Truman did not remove MacArthur simply because of his repeated insubordination. He removed him to enforce his policies of Containment and most importantly the means of which America will keep up to this policy, in the most humanely way possible, a way which would inspire other allies of the democratic world and win the hearts of the people ruled by communism. Truman’s stand in regard to Korean Communist aggression is everything but aggressive and provocative. It displays complete humility of most powerful man in the world and also a huge desire for sincere peace among all nations. Mr. Truman patiently and successfully directed the United States in its new foreign policy of Western unity. I think President Truman played a great role in promoting cooperation among nations and presenting measures that lead to peace.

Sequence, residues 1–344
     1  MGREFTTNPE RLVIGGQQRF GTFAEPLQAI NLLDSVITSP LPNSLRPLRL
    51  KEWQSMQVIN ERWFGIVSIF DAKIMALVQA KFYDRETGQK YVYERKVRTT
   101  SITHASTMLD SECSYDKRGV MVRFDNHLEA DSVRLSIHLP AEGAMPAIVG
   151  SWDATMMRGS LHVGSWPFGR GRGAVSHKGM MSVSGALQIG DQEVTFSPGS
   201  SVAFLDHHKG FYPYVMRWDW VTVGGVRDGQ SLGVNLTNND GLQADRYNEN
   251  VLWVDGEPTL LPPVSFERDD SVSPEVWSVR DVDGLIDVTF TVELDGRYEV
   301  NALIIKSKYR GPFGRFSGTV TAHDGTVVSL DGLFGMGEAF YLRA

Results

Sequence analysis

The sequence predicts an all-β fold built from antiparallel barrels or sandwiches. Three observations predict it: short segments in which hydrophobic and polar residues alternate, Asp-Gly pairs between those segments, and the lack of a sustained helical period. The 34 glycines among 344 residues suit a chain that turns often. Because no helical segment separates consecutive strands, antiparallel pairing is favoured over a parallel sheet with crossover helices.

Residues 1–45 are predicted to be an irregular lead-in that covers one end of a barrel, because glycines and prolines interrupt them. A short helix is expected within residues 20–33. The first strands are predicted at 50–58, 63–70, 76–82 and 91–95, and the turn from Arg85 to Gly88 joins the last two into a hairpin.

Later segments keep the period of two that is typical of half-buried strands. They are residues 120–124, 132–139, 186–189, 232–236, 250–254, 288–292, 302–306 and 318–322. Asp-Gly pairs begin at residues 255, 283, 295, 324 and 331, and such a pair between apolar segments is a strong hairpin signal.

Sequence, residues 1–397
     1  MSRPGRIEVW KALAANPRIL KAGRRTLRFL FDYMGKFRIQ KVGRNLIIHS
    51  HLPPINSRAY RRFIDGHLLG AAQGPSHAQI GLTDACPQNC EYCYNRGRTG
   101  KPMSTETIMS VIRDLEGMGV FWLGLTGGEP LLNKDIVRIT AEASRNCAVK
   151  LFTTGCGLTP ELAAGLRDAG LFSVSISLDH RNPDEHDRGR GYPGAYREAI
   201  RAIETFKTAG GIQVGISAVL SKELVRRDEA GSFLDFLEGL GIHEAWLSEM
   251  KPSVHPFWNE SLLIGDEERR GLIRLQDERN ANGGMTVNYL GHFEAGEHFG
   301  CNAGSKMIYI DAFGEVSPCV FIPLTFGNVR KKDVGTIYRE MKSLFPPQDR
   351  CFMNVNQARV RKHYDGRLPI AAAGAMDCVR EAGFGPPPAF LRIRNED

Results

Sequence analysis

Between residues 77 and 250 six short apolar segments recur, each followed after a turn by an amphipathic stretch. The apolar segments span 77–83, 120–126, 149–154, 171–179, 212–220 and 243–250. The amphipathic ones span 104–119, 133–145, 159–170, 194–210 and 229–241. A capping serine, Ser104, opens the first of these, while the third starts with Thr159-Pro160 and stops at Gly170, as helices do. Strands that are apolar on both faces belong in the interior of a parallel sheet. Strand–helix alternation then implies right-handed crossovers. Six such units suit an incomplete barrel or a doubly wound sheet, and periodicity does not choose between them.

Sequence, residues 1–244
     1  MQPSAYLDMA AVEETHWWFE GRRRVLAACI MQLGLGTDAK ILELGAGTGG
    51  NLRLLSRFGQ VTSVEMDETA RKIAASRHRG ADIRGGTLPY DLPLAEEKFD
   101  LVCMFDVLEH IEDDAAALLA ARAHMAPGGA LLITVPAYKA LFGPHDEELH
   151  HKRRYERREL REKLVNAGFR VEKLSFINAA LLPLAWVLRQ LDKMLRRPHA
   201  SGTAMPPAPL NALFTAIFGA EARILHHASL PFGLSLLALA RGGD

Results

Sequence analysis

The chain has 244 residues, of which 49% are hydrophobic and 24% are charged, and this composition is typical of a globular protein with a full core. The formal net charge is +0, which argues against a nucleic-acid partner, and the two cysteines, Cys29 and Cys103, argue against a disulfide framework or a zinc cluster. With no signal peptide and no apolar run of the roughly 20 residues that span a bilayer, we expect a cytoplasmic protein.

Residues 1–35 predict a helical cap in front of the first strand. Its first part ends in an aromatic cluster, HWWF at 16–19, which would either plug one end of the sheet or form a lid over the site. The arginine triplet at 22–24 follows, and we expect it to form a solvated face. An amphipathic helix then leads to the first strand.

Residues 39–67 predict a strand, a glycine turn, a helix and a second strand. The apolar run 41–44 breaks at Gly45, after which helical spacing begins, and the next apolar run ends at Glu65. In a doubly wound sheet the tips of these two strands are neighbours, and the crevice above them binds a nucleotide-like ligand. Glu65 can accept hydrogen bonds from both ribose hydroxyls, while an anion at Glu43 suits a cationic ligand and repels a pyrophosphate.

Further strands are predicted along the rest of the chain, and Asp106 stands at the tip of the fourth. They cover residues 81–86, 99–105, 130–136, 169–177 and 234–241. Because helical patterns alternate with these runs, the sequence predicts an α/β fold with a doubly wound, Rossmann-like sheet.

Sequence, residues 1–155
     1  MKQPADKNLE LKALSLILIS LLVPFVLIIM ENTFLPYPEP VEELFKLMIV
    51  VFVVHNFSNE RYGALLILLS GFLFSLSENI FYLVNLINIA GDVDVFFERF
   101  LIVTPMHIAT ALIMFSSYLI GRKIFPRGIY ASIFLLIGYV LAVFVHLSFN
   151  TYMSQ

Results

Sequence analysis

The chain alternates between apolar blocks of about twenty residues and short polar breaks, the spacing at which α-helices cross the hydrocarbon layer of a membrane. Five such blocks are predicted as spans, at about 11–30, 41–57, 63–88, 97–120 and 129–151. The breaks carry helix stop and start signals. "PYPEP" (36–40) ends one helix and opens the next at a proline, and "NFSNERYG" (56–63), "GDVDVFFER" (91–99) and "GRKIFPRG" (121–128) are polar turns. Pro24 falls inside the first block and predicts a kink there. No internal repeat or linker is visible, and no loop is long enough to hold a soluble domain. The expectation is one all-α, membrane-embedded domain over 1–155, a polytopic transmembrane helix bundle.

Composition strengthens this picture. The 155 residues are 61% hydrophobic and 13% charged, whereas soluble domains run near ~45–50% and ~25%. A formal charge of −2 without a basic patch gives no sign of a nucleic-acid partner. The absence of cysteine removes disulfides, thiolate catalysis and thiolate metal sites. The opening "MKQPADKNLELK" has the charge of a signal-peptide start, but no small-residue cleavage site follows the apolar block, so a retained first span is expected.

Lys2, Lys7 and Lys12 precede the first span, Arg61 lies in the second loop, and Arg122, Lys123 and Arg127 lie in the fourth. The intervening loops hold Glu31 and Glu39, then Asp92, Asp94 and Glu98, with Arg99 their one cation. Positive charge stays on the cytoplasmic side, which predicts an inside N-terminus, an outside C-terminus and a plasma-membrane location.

However, many South Koreans who lived through the Korean War regret MacArthur’s dismissal because the division of their nation was prolonged indefinitely (Rovere & Schlesinger, 1992). Without a figure to firmly stand up against Korean and Chinese communist, unity is no longer achievable. MacArthur’s dismissal meant no complete victory against communism which in later decades led to constant and endless confrontations between the two divided states.


When MacArthur returned to the US after being fired, he was greeted by extravagant celebrations and parades in San Francisco and New York. MacArthur returned to Washington where he was invited to address a joint session of Congress. After being interrupted by 30 standing ovations, he concluded his speech by musing, “Old soldiers never die, they just fade away.” His subsequent visit to New York was highlighted by the largest ticker-tape parade then seen.